Chocolate Shrimp (Neocaridina davidi)
The chocolate shrimp is a variety of Neocaridina davidi that was first bred in Taiwan. These shrimp have an orange body with brown stripes and a light blue stripe down the center of their head.
Chocolate shrimp are considered to be one of the most popular types of aquarium shrimp available because they are very hardy and can be kept in both fresh and saltwater tanks.
A few reasons why this type of shrimp is so popular include: it has a beautiful color, it grows quickly, it is inexpensive, and it eats almost anything.
Blue/Yellow Rili (Neocaridina davidi)
The Blue/Yellow Rili is a great choice for an aquarium shrimp because it can live in many different water types and can be housed with fish from a variety of families. It’s also relatively easy to breed, which is nice if you want to start your own colony.
These shrimp are not as colorful as some others, but their simplicity makes them a good option for beginners. The Caridina Dapontei has the same temperament and coloring as the Blue/Yellow Rili.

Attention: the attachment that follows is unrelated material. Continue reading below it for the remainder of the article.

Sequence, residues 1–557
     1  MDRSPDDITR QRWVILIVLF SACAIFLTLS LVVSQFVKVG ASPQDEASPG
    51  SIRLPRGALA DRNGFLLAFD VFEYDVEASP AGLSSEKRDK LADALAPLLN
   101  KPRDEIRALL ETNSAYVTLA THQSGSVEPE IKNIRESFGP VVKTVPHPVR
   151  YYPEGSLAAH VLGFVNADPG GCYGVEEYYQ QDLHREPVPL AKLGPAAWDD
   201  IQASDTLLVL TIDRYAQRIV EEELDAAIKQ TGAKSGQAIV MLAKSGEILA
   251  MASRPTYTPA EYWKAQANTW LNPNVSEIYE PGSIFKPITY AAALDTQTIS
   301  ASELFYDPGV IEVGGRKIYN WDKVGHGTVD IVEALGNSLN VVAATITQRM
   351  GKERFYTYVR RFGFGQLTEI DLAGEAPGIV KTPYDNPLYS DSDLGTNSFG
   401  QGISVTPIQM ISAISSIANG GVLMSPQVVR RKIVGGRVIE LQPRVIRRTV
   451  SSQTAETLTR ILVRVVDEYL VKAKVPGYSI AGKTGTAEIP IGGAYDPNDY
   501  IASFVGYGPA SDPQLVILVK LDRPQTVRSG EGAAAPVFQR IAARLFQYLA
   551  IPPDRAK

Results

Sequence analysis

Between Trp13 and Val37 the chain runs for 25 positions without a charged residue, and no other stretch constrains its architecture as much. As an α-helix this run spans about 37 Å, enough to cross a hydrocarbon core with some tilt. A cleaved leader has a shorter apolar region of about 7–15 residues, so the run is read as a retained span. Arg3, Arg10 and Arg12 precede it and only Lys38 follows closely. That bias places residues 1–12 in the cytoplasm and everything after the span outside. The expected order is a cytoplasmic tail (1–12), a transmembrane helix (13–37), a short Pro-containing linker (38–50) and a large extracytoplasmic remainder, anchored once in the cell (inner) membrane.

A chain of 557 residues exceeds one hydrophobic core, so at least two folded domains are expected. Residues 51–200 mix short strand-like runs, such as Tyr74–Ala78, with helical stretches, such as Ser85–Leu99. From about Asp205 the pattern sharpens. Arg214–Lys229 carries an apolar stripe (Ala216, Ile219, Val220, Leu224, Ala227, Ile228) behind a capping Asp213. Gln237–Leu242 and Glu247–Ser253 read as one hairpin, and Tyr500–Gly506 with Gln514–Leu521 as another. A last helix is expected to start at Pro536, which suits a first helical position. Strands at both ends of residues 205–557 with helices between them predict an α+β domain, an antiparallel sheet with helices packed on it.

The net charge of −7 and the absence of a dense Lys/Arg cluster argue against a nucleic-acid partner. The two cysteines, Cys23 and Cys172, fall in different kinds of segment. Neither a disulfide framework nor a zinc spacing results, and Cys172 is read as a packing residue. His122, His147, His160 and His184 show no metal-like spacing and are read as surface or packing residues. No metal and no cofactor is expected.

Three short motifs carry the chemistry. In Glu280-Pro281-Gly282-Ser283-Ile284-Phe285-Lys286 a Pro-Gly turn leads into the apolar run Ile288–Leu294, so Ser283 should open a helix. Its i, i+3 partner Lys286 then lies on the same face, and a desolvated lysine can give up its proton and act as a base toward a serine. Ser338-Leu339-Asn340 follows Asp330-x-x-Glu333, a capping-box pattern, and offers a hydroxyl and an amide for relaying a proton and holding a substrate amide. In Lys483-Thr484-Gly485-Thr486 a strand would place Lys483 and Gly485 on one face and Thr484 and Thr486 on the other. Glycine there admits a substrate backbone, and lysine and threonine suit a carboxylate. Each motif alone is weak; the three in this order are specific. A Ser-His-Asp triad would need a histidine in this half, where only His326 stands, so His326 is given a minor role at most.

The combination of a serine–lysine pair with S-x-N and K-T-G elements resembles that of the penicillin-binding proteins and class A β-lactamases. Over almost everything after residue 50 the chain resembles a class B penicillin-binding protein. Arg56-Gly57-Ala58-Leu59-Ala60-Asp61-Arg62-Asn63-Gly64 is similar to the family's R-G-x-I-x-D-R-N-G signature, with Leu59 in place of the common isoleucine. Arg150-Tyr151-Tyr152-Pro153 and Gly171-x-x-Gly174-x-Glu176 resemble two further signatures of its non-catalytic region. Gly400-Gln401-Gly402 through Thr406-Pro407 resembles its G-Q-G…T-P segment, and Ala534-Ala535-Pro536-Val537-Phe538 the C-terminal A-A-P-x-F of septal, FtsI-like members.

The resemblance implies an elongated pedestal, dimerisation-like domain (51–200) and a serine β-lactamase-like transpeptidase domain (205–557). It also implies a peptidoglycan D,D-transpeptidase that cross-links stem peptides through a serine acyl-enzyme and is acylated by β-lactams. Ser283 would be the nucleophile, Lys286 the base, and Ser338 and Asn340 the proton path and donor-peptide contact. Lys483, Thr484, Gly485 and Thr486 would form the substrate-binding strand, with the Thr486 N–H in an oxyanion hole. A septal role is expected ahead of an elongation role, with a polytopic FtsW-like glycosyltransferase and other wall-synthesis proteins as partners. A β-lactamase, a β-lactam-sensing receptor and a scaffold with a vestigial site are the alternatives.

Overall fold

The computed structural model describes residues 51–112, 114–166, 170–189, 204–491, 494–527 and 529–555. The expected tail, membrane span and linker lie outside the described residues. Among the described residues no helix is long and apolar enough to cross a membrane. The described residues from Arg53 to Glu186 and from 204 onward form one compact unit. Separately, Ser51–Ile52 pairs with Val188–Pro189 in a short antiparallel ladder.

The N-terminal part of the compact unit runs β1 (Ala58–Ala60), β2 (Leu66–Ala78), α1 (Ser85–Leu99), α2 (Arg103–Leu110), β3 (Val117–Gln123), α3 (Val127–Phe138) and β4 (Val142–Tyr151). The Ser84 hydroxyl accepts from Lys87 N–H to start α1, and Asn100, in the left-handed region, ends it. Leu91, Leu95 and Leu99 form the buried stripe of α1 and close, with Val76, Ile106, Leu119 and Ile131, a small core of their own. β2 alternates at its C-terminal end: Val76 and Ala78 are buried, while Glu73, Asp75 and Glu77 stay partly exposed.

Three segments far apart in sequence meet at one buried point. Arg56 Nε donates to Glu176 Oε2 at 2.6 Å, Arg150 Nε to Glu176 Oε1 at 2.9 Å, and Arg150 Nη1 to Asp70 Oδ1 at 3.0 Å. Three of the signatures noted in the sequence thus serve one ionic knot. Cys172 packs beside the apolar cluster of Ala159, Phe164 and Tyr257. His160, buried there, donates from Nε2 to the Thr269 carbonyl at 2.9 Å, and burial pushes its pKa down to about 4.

Another cool thing about these little guys is that they can eat some green algae that don’t get eaten by other aquarium species.
Vampire Shrimp (Atya gabonensis)
Although not the most popular type of aquarium shrimp, this one is considered to be among the most interesting. The vampire shrimp is named after its own feeding behavior in which it pierces the exoskeleton of other small crustaceans and sucks out their body fluids.
It does this by using a modified set of mouthparts that are used as a piercing tool. In addition to eating other marine life, it also scavenges for any food that is floating in the water or on the substrate around them.
These shrimp can grow up to about 4 cm long and are often found living near coral reefs where they hunt for prey amongst the anemones.
Vampire shrimp can also survive with low levels of oxygen, making them perfect for living near areas with low oxygen levels like seagrass beds.
Babaulti Shrimp (Caridina babaulti)
The Babaulti shrimp is a small, orange crustacean with black eyes and a white stripe that spans the length of its body. It’s one of the most popular types of aquarium shrimp due to its coloration, low price tag, and hardiness.
The Babaulti shrimp prefers to live in groups and can be found living near waterfalls or streams in their natural habitat. They are omnivores, meaning they eat both plants and animals. Unlike other shrimps, these little guys will usually let you pick them up without sinking their claws into your hand!